Anyway, that was 2011. Despite all the little niggles and annoyances, if 2012 turns out to be of the same standard I don’t think I’ll have grounds for complaint – so fingers crossed and let’s find out.

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Maybe it’s the time of year, but here at NCJG it feels like a very long time since there’s been a real belter of a new movie to write about. Not that everything recently has been wholly worthless – far from it – but there hasn’t been the kind of film from which you emerge exhilarated, with your belief in the possibilities of cinema rewarded.

Thankfully this has been rectified with the arrival in Oxford (finally) of John Michael McDonagh’s The Guard, which is following up a smash-hit release in Ireland with a shamefully limited British run. This is a crime movie centred on a tremendous performance by Brendan Gleeson, an actor perhaps best known for playing supporting parts in much bigger movies like Troy and Gangs of New York.

Gleeson seizes with enormous relish on the role of Gerry Boyle, a sergeant in the Garda of west Ireland. Boyle initially appears to be not much more than a simple country copper, unreconstructed, often crass, bigoted (‘I’m Irish, being racist is part of my culture,’ he explains, when someone objects to this), and laid-back to the point of actual moral degeneracy.

However, when a murdered corpse turns up on his patch, Boyle finds himself involved in the hunt for a group of drug traffickers (led by Liam Cunningham and the increasingly ubiquitous Mark Strong). As a result he is somewhat reluctantly partnered with slick and etiquette-conscious FBI agent Wendell Everett (Don Cheadle). As it becomes increasingly apparent that other Garda members take their corruption rather more seriously than Gerry, the two find themselves increasingly isolated as they close in on their quarry.

It sounds like a fairly routine odd-couple crime thriller, and on one level The Guard delivers this in a very efficient and taut way, albeit with some novelty value due to the Galway setting. However, what turns it into something very special is its tone, which is totally at odds with this: despite being a film about drug smuggling which hinges around a considerable number of deaths, most of them violent, The Guard is more consistently and genuinely funny than most comedies.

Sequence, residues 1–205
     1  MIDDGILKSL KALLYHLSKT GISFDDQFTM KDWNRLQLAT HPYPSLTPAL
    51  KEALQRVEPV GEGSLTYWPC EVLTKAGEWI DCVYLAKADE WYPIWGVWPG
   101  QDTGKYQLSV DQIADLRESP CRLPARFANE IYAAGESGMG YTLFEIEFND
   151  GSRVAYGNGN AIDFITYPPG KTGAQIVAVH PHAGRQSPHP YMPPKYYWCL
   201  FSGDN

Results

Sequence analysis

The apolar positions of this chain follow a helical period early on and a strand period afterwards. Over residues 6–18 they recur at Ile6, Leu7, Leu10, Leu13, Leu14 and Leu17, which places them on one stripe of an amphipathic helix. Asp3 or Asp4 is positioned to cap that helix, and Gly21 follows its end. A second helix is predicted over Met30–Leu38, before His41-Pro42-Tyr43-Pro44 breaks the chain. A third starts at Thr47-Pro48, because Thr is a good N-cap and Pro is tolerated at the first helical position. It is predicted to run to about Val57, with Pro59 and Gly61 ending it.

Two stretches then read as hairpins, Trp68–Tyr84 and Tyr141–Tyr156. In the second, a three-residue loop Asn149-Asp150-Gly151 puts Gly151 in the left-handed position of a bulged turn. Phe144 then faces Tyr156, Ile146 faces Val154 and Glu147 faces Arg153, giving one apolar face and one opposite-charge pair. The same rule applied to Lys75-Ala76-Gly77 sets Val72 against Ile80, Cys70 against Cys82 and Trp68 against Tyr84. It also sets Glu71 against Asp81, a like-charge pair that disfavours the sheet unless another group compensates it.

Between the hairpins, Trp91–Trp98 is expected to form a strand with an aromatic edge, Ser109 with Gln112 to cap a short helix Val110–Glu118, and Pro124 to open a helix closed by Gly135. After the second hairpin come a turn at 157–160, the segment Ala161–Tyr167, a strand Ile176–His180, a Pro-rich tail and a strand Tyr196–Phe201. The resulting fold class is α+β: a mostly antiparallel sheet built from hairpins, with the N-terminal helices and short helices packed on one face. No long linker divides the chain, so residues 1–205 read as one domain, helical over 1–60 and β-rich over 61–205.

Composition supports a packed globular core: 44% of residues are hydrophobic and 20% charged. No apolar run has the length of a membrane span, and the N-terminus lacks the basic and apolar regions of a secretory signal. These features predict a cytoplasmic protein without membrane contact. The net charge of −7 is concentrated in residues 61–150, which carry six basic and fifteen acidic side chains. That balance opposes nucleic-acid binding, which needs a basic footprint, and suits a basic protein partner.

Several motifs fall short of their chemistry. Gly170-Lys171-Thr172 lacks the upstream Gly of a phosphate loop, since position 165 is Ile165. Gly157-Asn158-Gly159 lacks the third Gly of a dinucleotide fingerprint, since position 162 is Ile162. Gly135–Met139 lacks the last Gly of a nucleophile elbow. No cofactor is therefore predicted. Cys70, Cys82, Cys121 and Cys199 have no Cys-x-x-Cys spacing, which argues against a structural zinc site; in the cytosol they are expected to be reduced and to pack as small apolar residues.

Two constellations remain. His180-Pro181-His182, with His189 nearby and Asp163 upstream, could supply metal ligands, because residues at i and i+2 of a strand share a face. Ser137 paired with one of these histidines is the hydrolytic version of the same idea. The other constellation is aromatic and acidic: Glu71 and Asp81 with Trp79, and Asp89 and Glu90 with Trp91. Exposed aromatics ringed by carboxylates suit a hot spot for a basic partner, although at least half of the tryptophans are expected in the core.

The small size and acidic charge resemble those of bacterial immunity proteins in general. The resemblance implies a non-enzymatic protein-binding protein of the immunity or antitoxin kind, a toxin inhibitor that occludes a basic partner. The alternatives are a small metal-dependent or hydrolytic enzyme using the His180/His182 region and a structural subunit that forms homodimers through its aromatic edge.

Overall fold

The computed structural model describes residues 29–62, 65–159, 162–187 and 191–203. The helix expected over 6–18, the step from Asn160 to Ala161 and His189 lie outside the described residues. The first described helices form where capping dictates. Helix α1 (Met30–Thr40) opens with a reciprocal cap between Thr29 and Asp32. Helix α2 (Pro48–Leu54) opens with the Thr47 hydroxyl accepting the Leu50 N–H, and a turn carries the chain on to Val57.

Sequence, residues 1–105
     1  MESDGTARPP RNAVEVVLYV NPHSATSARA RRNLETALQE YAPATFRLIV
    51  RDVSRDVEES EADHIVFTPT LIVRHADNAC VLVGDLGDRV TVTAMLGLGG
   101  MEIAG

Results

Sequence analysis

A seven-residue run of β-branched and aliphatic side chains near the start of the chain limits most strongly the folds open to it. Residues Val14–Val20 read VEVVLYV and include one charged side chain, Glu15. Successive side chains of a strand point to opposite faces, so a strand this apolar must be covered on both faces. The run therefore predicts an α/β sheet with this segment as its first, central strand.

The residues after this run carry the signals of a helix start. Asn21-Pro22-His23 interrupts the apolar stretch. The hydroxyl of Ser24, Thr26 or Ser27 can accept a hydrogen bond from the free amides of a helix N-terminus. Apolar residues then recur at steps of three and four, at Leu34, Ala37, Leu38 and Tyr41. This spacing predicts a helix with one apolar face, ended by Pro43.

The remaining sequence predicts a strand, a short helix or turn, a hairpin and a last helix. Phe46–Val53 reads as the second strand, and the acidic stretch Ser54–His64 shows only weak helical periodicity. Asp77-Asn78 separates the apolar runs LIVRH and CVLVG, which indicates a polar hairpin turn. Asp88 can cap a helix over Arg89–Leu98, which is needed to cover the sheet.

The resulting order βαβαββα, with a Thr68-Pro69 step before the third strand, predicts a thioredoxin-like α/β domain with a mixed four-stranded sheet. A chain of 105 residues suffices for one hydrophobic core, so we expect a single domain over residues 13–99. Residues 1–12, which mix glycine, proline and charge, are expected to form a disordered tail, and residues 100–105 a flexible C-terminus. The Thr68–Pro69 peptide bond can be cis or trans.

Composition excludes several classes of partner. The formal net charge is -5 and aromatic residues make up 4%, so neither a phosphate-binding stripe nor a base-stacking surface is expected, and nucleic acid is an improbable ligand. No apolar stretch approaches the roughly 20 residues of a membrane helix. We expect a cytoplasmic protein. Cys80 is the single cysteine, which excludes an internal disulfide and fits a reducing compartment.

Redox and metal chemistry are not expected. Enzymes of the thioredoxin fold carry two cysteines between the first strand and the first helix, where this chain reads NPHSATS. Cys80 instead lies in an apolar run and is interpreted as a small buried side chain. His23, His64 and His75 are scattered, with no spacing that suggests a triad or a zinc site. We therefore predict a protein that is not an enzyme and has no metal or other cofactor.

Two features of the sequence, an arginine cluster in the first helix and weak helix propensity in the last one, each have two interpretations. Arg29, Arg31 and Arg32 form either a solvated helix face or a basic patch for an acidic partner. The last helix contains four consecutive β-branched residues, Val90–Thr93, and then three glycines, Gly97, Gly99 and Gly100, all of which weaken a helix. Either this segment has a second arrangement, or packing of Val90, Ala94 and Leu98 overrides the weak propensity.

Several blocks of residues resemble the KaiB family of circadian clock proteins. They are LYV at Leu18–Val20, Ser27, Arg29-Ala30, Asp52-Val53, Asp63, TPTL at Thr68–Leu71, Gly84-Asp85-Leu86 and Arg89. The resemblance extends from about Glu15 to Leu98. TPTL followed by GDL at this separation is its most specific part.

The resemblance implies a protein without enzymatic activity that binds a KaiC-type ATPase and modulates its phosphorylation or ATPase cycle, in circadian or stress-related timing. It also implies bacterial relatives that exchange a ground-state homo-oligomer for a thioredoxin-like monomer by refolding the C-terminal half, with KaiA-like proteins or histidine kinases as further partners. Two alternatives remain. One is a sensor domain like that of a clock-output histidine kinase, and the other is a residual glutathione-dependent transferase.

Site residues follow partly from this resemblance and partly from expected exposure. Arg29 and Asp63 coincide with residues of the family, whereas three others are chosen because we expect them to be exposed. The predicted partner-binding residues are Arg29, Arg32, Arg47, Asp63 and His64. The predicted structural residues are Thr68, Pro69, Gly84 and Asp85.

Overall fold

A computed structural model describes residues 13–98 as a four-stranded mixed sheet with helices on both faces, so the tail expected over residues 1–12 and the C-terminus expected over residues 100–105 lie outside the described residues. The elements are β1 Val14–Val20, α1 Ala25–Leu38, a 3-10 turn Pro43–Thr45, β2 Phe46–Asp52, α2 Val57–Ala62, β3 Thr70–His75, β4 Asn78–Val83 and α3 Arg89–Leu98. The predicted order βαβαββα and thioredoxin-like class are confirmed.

Normally I have no time for the lazy reviewer habit of amalgam algebra – you know, describing a film as ‘It’s Groundhog Day meets Murder on the Oriental Express!’ or something ludicrous like that. However, the best description of The Guard I’ve read is something just like this – it’s Father Ted meets Bad Lieutenant. Tight and effective though the story is, the dialogue keeps meandering off in odd directions as characters discuss Russian literature or existential philosophy. Both Boyle himself and the movie ruthlessly undercut and mock any sign of Hollywood posturing from the story or characters. Galway is depicted as a rusticated hinterland populated entirely by oddballs and much of the humour comes from the reactions of unsuspecting outsiders who’ve wandered into this realm and can’t quite believe what they’re seeing and hearing.

Mark Strong is customarily good as a bad-tempered drug baron who resents the poor class of person he meets in the course of his career, but the main foil is Don Cheadle’s character. Cheadle finds an impressive number of different ways of looking gobsmacked at the various pearls of wisdom Gleeson passes on to him, and there’s more than a hint of In the Heat of the Night in the relationship between the two characters. In the end though, he’s very much the straight man and second banana to Brendan Gleeson.

Gleeson turns Boyle into one of the great movie characters of recent years, a fully rounded and believeable – not to mention hugely likeable – figure, despite his various outrageous excesses. The script shows us all sides of the man: his usual cynicism and world-weariness, the integrity buried somewhere deep within, his intelligence (usually masked behind a boorish facade), and his emotions. This latter element is mainly explored through a subplot involving his relationship with his ailing mother, which still manages to be deeply funny as well as moving. (His mother is played by Fionnula Flanagan, who seems to specialise in playing a) mothers and b) people who are either dying or actually dead.) That said, this isn’t a movie which treats human behaviour in a simplistic or mechanical way – we’re left to draw our own conclusions as to why Boyle makes some of the choices he does as the film goes on.

McDonagh’s script effortlessly juggles characters, plot, dialogue, and even genre: at times this film plays like a western, an impression which is helped by Calexico’s twangy score. In the end, though, the sheer quality of the piece transcends this sort of consideration: no matter how you approach it, The Guard is a terrific, hugely impressive movie, stuffed with good performances and pricelessly funny lines and moments, all in the cause of a very solid story. One of the very best films of the year so far.